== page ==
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houston, we have a problem!

by Glenn Poston

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Do you remember the famous tagline in the 1995 thriller, Apollo 13? “ Houston, we have a problem.” That little phrase spoken by Tom Hanks has become synonymous with admitting we need to change some things if we are to survive.

Since becoming promotional director for the Tennessee State Association in January, I have worked hard getting a handle on my duties. I’ve tried to analyze the needs of our state and have come to realize more than ever how imperative it is for all of us to work together in a spirit of cooperation for the sake of the kingdom of Christ.

Simply put, we need each other.

When it comes to cooperating on a district and state level, too many of us are deciding to go it alone. We have consciously or unconsciously decided we really don’t need each other.

Perhaps because of our diversity, we just don’t want the hassle of trying to get along. We’d rather do our own thing. It’s not that we want to offend each other; it’s just so much easier this way.


Houston 2


The results are that we go to meetings that interest us, we plan things for our own congregations, and we stay away from events we don’t personally plan or find interesting. Whether we want to admit it or not, we are a product of the Me Generation and the consumer culture that defines it. If it’s not about me, then we figure we don’t need it.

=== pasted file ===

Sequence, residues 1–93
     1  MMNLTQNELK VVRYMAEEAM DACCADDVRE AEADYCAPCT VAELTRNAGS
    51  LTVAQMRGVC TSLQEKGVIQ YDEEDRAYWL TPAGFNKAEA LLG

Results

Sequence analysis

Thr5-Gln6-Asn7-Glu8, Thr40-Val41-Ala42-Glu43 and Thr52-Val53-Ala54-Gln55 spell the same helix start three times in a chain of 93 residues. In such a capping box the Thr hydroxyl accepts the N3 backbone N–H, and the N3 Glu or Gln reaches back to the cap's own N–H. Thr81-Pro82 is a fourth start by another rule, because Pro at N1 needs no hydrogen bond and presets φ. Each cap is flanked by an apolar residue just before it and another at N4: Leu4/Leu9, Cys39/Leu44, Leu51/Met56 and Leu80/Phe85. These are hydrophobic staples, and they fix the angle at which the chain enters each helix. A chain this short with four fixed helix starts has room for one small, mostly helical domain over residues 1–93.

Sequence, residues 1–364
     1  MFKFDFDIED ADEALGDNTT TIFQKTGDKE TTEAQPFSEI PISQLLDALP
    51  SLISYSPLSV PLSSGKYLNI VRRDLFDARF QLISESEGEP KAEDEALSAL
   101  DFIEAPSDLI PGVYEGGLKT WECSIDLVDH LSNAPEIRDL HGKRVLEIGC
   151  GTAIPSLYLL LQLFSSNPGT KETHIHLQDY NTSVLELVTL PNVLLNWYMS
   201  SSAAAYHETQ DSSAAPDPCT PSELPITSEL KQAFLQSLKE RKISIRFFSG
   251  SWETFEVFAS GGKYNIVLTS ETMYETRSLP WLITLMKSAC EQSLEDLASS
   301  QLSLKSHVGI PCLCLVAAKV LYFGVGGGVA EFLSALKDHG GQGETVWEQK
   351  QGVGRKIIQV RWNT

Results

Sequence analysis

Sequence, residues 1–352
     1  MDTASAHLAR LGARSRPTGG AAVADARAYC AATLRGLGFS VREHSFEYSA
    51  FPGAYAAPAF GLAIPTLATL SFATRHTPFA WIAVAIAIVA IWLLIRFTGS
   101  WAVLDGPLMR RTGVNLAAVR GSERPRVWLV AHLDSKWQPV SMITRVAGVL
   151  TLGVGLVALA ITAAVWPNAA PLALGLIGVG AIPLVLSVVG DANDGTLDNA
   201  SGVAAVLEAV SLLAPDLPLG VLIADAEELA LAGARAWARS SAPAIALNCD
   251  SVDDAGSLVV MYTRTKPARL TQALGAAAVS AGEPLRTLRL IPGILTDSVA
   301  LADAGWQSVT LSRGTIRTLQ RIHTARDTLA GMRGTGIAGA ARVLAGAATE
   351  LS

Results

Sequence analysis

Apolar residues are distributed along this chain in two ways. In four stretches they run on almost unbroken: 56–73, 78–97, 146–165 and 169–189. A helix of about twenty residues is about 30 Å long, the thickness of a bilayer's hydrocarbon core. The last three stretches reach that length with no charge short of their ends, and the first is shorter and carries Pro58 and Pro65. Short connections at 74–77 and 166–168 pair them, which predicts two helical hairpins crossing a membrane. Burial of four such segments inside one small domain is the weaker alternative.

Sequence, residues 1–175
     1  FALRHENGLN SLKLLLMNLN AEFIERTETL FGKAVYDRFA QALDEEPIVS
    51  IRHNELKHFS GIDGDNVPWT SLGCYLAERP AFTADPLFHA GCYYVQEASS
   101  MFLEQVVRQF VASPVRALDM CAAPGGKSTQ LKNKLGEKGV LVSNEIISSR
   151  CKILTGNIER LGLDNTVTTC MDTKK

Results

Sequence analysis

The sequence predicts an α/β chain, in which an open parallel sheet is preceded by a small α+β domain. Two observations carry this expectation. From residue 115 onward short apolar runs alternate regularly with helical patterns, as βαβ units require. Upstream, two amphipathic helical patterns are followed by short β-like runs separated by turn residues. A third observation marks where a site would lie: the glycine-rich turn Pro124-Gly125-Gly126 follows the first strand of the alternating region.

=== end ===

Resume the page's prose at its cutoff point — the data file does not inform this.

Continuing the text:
I’ve been guilty of thinking like this myself at times. But you know, sometimes we need to do what’s best for the family. And we are a family. The Free Will Baptist family is worth preserving. Our local and state associations are worth preserving. They are the backbone of our structure.

In a day of the generic church and generic doctrine, we still hold dear some distinctives. Our doctrine is worth preserving. It’s biblical. How do we preserve our heritage? By staying involved at all levels of our work.

Houston, do we have a problem?

Yes, we do. But if we want to thrive as a strong unit and preserve our heritage and our doctrine, due diligence is required. We must fix what is wrong and strive to make our meetings and our programs relevant, interesting, and even enjoyable.

Remember, we can do more collectively than we could ever do alone. Will I see you at your next associational meeting?


About the Writer: Reverend Glenn Poston is promotional director for the Tennessee State Association of Free Will Baptists.

Reprinted by permission from ECHO (Summer 2007 issue), publication of the Tennessee State Association of Free Will Baptists.



©2008 ONE Magazine, National Association of Free Will Baptists